You can just go to the most out of the way places and meet the most interesting, amazing people
“The following year, I met Pierce Brosnan. He came onboard while filming Mamma Mia! and I was like: ‘I’ve met another Bond!’”
But over the years, who has been her favourite guest?
“I’ve had Rihanna on my boat a few times,” she smiles. “She’s amazing, one of my favourites for sure. She’s very, very cool.”
However, when it comes to her favourite passages, Caswell names the South Pacific, specifically the Marquesas Islands and French Polynesia.
“If I could, I would just go from Pacific island to Pacific island,” she says. “I had Christmas dinner with a cannibal once, the chief of the village in the Marquesas. We arrived on a sailboat and this big guy came down. He brought us fruit and was telling us old stories about the old cannibals eating their enemies. The last person they ate was in the 1960s, it was wild. This was at Christmas dinner, I was like: ‘You don’t say? What are we eating now?’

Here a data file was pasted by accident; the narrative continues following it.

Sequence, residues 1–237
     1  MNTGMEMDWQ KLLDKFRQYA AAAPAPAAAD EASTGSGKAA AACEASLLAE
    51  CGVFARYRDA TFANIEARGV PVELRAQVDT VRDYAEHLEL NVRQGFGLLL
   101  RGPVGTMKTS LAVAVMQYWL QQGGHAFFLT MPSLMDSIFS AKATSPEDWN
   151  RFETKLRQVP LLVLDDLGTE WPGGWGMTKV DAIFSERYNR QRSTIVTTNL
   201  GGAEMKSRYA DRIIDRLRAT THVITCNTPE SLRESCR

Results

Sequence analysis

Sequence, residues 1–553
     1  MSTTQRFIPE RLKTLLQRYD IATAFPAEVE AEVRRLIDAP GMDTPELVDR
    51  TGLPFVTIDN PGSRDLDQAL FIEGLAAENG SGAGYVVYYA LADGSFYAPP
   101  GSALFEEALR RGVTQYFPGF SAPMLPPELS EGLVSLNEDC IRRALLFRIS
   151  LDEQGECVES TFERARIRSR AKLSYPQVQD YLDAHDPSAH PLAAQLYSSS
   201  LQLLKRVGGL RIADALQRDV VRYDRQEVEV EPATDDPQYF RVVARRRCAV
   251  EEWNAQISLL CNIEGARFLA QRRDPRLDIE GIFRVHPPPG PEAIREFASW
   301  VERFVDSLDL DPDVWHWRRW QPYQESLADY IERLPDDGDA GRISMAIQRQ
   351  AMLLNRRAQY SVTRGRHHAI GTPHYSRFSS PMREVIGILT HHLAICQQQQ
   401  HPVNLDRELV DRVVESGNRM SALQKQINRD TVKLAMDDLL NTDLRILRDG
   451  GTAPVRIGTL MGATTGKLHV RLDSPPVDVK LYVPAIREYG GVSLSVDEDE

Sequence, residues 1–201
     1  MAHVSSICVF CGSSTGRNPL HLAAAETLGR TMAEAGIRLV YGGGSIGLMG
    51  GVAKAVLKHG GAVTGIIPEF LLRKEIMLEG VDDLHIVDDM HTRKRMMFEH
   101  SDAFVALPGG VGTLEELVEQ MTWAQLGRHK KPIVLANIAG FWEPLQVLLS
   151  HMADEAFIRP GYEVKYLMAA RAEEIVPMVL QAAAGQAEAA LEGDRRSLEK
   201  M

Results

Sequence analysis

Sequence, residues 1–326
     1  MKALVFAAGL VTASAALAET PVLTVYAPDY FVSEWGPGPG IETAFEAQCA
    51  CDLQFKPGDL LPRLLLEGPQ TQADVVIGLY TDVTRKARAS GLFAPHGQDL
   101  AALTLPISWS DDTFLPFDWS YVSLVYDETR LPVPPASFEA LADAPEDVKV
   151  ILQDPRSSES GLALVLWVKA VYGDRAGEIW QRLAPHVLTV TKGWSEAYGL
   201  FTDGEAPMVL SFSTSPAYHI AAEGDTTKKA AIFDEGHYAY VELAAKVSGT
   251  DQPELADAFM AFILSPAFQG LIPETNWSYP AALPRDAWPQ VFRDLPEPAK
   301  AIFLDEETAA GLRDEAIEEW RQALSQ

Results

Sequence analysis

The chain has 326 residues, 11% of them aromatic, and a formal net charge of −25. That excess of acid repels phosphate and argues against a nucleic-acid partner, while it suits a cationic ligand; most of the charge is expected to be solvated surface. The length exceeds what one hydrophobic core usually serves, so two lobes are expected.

“That is one of the great things about being on boats that you can just go to the most out of the way places and meet the most interesting, amazing people.”
The difficulties faced at sea
As you would expect from someone who has spent 25 years at sea, Caswell has run into both bad weather and pirates from time to time, although it’s difficult to tell which force of nature is the most unpredictable.
“The time of year when we’re all moving towards the Caribbean is around the tail end of hurricane season,” she says. “And as the weather’s coming in, you learn to drive to deal with it. On one occasion, we ended up turning south and going for two days to outrun it before coming back.”